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Unformatted text preview: Balanced Flow • The pressure and velocity distributions in atmospheric systems are related by relatively simple, approximate force balances. • We can gain a qualitative understanding by considering steadystate conditions , in which the fluid flow does not vary with time, and by assuming there are no vertical motions. • To explore these balanced flow conditions, it is useful to define a new coordinate system, known as natural coordinates. Natural Coordinates • Natural coordinates are defined by a set of mutually orthogonal unit vectors whose orientation depends on the direction of the flow. t ˆ n ˆ k ˆ t ˆ n ˆ k ˆ t ˆ n ˆ k ˆ t ˆ n ˆ k ˆ Unit vector points along the direction of the flow. Unit vector is perpendicular to the flow, with positive to the left. Unit vector points upward. t ˆ n ˆ k ˆ t ˆ n ˆ k ˆ t ˆ n ˆ k ˆ t ˆ n ˆ k ˆ t ˆ n ˆ k ˆ Horizontal velocity: t V V ˆ = r V is the horizontal speed, which is a nonnegative scalar defined by , dt ds V ≡ where is the curve followed by a fluid parcel moving in the horizontal plane. ( ) t y x s , , To determine acceleration following the fluid motion, ( ) dt t ˆ d V dt dV t ˆ dt V d t ˆ V dt d dt V d + = = r r t R δ t δψ n δ s t+ δ t δψ V R n dt ds ds t d dt t d R n ds t d R R R t t t R s ˆ ˆ ˆ ˆ ˆ ˆ ˆ ˆ = = = < > = = = = δ δ δ δψ radius of curvature (positive in positive n direction) if air parcels turn toward left if air parcels turn toward right...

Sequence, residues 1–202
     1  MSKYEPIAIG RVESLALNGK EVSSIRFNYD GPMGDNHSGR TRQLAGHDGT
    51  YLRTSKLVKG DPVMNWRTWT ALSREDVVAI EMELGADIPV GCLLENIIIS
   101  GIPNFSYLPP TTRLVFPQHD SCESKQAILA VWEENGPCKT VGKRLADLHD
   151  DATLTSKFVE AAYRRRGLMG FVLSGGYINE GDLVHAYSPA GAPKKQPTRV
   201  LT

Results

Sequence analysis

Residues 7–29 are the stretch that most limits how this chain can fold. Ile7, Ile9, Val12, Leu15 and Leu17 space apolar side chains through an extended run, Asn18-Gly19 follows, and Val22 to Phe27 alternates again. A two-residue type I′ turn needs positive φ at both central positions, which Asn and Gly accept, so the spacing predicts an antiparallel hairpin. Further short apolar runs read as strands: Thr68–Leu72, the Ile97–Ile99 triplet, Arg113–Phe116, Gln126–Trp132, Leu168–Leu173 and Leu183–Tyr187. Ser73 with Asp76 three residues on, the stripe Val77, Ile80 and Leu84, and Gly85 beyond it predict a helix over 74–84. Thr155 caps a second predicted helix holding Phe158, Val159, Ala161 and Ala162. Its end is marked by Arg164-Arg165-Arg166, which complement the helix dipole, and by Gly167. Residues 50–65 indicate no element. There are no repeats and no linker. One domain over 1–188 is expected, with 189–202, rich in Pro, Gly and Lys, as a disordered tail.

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This note was uploaded on 10/25/2011 for the course ENVSCI 324 taught by Professor Broccoli during the Spring '11 term at Rutgers.
 Spring '11
 Broccoli

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